Such communication tools will shift the focus from a top-down distribution of directions and information to a more comfortable bottom-up exchange of ideas. At the end of the day, open communication can manifest in various ways – gaining trust, listening well, being receptive to good ideas and providing a more personalised culture.



Tuesday, November 7, 2017

Provide more support for students studying abroad: An open proposal to the Education Ministers

For a young foreign student who was all excited to be given the chance to study at the National University of Singapore (NUS), it was certainly a tragedy that undergraduate Ms Jung Haelin had to end up falling to her death (Undergrad falls to death after being locked out; November 3, 2017, The Straits Times).

Working or studying or abroad comes with a wide range of emotions. Happy, excited and thrilled for the opportunity to live in another country and meet people of different races and cultures, but at the same time feeling homesick and grappling with separation anxiety later when the excitement wears down.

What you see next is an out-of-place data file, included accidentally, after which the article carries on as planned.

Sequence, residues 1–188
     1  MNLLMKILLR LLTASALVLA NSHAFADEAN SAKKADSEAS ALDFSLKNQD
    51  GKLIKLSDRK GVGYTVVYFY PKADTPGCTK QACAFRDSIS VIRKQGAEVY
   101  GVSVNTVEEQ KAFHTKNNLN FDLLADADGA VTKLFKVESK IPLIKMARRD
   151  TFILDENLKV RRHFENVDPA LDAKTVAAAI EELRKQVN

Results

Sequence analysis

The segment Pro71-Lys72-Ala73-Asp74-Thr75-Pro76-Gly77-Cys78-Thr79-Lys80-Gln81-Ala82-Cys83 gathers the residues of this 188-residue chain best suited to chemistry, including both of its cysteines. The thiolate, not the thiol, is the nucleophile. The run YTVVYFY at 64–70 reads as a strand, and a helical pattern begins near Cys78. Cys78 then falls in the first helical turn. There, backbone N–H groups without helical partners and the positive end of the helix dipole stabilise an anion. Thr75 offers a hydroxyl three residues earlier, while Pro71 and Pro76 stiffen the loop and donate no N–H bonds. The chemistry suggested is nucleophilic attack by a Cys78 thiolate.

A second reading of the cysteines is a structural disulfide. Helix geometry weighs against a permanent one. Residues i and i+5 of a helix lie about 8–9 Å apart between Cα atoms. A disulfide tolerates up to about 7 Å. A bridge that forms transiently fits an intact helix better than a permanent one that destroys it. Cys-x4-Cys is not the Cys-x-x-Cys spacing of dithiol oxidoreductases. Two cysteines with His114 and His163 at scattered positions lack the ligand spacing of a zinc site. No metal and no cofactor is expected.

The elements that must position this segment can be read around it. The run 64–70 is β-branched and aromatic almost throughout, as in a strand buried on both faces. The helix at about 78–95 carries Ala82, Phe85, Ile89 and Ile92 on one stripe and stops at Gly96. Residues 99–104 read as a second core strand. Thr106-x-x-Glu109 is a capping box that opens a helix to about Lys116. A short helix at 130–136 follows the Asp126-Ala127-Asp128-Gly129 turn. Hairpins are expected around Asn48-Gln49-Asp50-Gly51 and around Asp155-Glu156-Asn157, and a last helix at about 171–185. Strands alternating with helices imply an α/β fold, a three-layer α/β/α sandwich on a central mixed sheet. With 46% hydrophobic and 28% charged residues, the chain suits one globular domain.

For foreigners, the most crucial part of adjusting to life in a different country is during the first three months. Some students will begin to show signs of homesickness after a while, and if NUS counsellors or lecturers are trained to spot these troubling periods, then the affected students can be given the emotional support they badly need.

It was reported that the undergraduate had the habit of using an object to wedge the door open when she was out. Perhaps if someone had been brought this to the attention of the counsellors, the tragedy could have been avoided. 

It would thus be timely to caution students during their orientation as well as send reminders periodically to them that climbing through windows where their safety will be comprised will not be tolerated.

While local students can easily reach out to their families, it is more difficult for foreigners to do so as some could be bottling pent-up emotions. Thus, it’s vital for counsellors to constantly keep in touch with foreign students to give clear guidance and support, as well as to provide a buddy system so that they do not feel all alone.